Huntington Lighthouse Repairs On The Horizon

By Danny Schrafel


 Huntington Lighthouse is one step closer to a major overhaul after bids went out to contractors.

Huntington Lighthouse is one step closer to a major overhaul after bids went out to contractors.

Long-term fundraising efforts have brought the Huntington Lighthouse Preservation Society to a critical moment in the 105-year-old beacon’s history. 

After raising the $250,000 needed to match a state grant, the society put out to bids a contract for a project to repair the lighthouse’s foundation and install approximately 650 tons of pure-granite rip rap boulders to protect the foundation for decades to come.

“It’s really exciting, and it’s terrifying all at the same time. I’m just praying everything goes smoothly. Then you can ask me how I feel,” Pamela Setchell, president of the Huntington Lighthouse Preservation Society, said Monday. “Sometimes I pinch myself and think, ‘Did we really pull this off?’ It’s been years and years of hard work. 

All proposals are due by Friday, Setchell said, and six prospective contractors have picked up bid packages. In a perfect world, she added, work would begin in mid-September, shortly after the annual Lighthouse Music Fest and just after tours of the lighthouse conclude for the season.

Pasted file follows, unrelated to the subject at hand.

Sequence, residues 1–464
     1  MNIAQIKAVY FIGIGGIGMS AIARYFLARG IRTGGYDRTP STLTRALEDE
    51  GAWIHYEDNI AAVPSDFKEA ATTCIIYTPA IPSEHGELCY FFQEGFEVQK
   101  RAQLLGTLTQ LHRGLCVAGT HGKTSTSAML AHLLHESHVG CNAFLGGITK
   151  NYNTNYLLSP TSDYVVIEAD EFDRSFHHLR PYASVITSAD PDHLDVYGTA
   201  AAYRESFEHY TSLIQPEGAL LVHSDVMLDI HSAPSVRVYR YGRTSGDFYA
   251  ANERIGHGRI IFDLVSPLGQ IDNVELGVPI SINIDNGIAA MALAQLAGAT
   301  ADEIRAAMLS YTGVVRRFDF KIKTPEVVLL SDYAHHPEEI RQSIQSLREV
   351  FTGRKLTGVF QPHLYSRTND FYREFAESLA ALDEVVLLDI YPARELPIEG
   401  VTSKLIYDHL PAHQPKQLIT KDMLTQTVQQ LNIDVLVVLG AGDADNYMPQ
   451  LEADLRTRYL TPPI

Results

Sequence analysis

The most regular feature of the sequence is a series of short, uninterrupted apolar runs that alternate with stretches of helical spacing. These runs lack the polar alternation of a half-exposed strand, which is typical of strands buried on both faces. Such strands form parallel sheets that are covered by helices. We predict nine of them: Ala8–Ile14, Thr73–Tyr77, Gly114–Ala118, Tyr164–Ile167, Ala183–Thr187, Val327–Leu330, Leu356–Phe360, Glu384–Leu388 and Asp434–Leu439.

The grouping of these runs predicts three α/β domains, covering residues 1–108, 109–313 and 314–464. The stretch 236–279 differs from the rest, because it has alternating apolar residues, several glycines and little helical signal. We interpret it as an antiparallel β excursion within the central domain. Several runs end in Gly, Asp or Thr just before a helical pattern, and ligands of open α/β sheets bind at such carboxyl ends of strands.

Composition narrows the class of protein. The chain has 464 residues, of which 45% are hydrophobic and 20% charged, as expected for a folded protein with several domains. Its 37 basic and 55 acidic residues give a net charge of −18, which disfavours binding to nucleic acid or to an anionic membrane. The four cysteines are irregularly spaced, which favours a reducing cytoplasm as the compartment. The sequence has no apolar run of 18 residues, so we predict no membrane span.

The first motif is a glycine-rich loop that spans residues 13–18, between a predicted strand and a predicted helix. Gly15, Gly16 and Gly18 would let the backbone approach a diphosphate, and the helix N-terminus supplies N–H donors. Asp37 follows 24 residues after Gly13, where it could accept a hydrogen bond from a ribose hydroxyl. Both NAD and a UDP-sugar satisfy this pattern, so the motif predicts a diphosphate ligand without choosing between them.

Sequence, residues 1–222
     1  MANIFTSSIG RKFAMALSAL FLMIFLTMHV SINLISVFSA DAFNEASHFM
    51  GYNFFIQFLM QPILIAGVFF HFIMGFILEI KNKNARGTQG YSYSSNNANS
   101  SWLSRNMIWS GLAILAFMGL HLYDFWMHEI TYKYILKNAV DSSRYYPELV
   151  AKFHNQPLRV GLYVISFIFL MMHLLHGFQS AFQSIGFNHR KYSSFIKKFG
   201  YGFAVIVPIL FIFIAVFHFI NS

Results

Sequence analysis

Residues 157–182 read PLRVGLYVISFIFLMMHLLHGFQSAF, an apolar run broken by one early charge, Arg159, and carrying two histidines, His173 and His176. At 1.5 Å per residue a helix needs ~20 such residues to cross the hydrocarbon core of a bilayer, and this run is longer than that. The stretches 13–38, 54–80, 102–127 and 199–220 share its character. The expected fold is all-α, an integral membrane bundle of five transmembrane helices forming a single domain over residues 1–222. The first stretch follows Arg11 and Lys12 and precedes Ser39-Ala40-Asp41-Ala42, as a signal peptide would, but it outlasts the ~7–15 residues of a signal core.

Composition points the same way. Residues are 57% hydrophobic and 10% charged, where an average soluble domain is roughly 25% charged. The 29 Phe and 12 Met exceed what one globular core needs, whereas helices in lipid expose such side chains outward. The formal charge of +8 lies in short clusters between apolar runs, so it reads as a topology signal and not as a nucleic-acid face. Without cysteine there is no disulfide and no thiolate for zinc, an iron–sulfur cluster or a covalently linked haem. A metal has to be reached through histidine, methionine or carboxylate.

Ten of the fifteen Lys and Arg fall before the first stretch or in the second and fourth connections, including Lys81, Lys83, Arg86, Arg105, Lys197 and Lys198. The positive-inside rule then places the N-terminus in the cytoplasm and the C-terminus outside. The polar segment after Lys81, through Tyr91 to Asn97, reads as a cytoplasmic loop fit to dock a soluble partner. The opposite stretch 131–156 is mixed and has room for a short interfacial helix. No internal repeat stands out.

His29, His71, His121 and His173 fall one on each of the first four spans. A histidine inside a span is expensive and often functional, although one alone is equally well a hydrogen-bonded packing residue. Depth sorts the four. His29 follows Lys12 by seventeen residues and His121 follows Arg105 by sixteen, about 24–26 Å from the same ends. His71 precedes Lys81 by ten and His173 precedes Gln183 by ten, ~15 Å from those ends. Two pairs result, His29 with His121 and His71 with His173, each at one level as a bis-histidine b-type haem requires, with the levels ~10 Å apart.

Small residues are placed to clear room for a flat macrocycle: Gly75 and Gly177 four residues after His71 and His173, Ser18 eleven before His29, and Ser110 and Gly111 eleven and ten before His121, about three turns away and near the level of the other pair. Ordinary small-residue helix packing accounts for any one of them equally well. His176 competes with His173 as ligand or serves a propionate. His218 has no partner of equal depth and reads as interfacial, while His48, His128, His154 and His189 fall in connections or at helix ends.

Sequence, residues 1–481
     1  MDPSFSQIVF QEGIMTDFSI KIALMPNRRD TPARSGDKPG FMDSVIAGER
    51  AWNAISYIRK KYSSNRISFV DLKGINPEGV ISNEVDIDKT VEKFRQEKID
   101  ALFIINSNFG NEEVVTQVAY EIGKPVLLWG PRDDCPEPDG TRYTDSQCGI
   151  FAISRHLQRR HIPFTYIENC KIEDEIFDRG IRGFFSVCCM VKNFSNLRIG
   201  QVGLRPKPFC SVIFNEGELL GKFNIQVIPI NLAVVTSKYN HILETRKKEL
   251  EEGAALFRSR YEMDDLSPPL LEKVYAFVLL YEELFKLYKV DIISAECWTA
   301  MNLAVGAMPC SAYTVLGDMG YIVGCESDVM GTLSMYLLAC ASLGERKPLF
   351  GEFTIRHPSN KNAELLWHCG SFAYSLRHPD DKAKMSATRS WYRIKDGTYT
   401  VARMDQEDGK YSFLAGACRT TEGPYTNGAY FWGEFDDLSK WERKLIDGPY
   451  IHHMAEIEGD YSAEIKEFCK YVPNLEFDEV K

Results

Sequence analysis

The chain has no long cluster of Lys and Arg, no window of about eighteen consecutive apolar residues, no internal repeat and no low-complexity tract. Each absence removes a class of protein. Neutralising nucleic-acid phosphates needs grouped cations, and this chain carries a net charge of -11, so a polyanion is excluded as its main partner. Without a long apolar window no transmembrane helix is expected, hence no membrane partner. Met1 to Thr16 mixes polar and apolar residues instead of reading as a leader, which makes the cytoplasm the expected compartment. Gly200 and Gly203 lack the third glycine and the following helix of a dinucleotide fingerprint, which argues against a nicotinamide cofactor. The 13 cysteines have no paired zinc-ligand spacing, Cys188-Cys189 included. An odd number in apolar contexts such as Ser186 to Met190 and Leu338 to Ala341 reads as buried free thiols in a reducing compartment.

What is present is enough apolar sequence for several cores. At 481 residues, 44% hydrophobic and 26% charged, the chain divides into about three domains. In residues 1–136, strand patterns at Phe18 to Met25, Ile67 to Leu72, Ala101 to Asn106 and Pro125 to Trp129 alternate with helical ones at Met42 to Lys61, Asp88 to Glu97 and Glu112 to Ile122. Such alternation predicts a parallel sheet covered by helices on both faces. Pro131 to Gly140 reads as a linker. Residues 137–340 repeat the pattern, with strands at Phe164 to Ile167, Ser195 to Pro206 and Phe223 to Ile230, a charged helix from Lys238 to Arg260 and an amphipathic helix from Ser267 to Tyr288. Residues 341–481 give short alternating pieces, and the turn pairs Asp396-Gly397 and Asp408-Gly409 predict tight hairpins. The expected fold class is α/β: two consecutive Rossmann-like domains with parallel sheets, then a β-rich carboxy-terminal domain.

“We don’t know how fast somebody can mobilize to do this,” she said, adding it’s unclear how long the project will take.

The foundation and rip-rap repairs are part of a larger $1.5 million capital campaign to repair the lighthouse. The list of physical repairs to be carried out includes restoration of a fog bell and mechanism ($125,000), restoration of the cupola ($100,000), window and casing replacement ($20,000), roof replacement ($30,000) and desalination system ($15,000). They would also dedicate $150,000 to a 24-person water taxi, $250,000 for an operating reserve for program staff, $250,000 for a permanent maintenance endowment and $60,000 to cover campaign expenses. In addition to the campaign, they’re also looking to fund a $1 million restricted preservation endowment.

Fundraising recently accelerated thanks to efforts spearheaded by former New York State Parks Commissioner and entrepreneur Bernadette Castro, a Lloyd Harbor resident. Her $80,000 Beacon Society campaign is around halfway complete, Setchell said.

The Beacon Society is seeking 20 team leaders, who each pledge to raise $2,000. Those team captains are then paired with four team members, each tasked with raising $500. That means each team will deliver at least $4,000 when their fundraising goals are met.

Team captains can bring in their own mates, or be paired with individual donors who support the effort as uncommitted team members. The effort will conclude with a cocktail party for supporters pledging $500 or more at the Castro family’s historic Panfield estate in Lloyd Harbor. Setchell said they’re currently on the hunt for $500 team members.